We didn’t really think much of Queenstown, it just didn’t float our boats.  We had a walk down the lake side, and took some photos, with the mountains in the distance standing protectively over everything, and watched a couple of jet boats go out. They were throwing their passengers around like rag dolls as they bounced over the lake, their screams fading as it sped up the lake and away from us. At the entrance to Steamer Wharf there was a statue of a kiwi, standing over four feet (ish, you know me and measurements!) so we popped the boys on it and took the obligatory photo. The Wharf was rammed, as there was a craft market on, music playing and people queuing to get into everywhere. The pubs and bars were bursting at the seams and every piece of available grass was covered with bodies. It is very commercialised, and expensive. The views were ok but I  think when the snow is down it would be spectacular.  There are hundreds of fabulous chalets and mountain homes around the place, and the whole place just screams money. The Remarkables were impressive overlooking the lake and the town and obviously they were quite remarkable, but other than that, my opinion remains unchanged since my last visit that was during the wet winter. It comes to something when not even the sunshine could make a difference! Queenstown is the adrenaline and party lovers place to be. Bungee jumps, skiing, sky dives, parachuting, you name it, they have it. There are some massive river filled gorges with the clearest turquoise waters rushing over the rocks, but since we had no desire to jump head first off a platform with a bit of elastic tied around our ankles we continued on to our final destination for today,  Arrowtown.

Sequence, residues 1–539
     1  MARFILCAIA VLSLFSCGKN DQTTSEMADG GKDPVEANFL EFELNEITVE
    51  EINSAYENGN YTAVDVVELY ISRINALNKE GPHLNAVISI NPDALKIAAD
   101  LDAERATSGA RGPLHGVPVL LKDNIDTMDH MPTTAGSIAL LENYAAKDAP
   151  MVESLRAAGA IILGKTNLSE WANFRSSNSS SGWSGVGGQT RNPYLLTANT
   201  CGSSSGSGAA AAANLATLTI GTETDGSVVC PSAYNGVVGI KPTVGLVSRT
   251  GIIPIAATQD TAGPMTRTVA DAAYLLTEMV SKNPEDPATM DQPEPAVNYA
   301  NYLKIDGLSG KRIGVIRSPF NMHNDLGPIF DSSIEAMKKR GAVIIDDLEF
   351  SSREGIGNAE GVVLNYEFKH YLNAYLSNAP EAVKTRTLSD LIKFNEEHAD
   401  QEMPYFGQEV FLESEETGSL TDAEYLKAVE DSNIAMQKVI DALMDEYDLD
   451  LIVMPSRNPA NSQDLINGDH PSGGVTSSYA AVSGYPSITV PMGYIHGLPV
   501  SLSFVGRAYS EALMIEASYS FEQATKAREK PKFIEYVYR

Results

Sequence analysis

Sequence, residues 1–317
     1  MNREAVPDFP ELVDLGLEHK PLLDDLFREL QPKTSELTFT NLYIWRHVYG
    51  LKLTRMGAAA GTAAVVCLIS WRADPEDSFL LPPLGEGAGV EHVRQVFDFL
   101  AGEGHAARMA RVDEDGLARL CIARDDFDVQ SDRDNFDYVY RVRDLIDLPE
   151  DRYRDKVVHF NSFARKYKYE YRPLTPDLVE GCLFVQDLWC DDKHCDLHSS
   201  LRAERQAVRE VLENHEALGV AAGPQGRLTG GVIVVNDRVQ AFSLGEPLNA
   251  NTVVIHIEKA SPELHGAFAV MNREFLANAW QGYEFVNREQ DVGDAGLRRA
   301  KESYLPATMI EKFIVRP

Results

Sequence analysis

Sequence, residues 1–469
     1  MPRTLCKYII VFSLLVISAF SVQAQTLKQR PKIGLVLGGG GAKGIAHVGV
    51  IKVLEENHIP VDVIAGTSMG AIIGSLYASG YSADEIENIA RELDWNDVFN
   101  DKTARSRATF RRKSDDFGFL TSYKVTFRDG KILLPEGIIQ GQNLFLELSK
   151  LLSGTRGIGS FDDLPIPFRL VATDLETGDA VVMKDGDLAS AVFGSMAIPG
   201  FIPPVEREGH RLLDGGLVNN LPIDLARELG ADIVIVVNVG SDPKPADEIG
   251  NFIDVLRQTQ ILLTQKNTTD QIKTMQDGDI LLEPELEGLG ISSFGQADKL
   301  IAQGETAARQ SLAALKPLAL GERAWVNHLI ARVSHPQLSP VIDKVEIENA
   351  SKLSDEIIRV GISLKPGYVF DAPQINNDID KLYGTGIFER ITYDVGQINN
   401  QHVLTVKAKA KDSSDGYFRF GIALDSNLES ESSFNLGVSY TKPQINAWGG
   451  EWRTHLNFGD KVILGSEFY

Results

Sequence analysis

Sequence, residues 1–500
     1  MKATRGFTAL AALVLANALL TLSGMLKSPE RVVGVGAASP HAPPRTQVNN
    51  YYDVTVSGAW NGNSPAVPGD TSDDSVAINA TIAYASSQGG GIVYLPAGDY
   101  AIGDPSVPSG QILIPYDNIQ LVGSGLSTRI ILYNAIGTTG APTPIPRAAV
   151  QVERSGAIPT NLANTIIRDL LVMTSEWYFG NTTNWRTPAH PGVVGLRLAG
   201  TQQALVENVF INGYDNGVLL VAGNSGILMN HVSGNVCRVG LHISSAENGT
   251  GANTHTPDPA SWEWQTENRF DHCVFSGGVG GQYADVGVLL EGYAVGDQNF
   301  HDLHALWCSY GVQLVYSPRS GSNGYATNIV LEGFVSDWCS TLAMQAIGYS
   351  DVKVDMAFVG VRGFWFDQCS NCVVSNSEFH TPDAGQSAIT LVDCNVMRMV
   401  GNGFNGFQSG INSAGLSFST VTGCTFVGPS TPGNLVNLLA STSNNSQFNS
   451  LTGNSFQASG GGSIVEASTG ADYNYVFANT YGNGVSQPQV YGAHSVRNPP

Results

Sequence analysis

Arrowtown is another Old Gold Mining town that sprung up in the 1860’s after the discovery of gold in the Arrow River. It’s one of the prettiest places on earth, there are 60 odd original gold rush buildings with tree lined avenues, hosting shops of all descriptions, and eating establishments. The whole place feels like something out of a western, we were half expecting a bar door to swing open and two brawling cowboys come tumbling out onto the street!  It’s one of those sleepy little places, where nothing is rushed, everything is laid back and serene. At the creek, near the site of Arrowtown’s first gold find, is an early Chinese settlement. Signs explain the lives of Chinese miners during and after the gold rush (the last resident died in 1932), while restored huts and the only remaining Chinese store in the southern goldfields. The Chinese were subjected to significant racism and often had little choice but to rework old tailings rather than seek new claims. There is the option to hire pans and pan for gold in the creek, but the chances of finding anything are practically nil around the town. Maybe going further afield would yield something of value, but given the number of visitors I highly doubt it!!  The mountains surrounding Arrowtown are some of the most colourful we’ve seen, and are a beautiful backdrop for the towns Autumn festival which they hold in April. If we’d have been a week or so later getting there, the mountains would have been vibrant with shades pale yellow, right through to deepest red and every hue in between. Even now, when the leaves are just turning it’s a pretty special little place. Our site was within walking distance of the town should we have needed anything, and as we checked in, there was a rugby match on. We parked up and Si strolled over to watch it, leaving me sat in a chair sunning myself. It was one of the busier sites we’ve stayed at, but the facilities were very good,clean hot showers and a large kitchen area. We had tea sat outside in the sun and spent the evening reading and drinking beer. Si had been and purchased matches to light the mosquito coils in an attempt to deter the pesky sandflies, and came back with a roll of sellotape for me. I was super chuffed, I could now fix my map, which had started to rip in several places on the fold. The excitement I got from that roll of sellotape was real!!! 

Much Love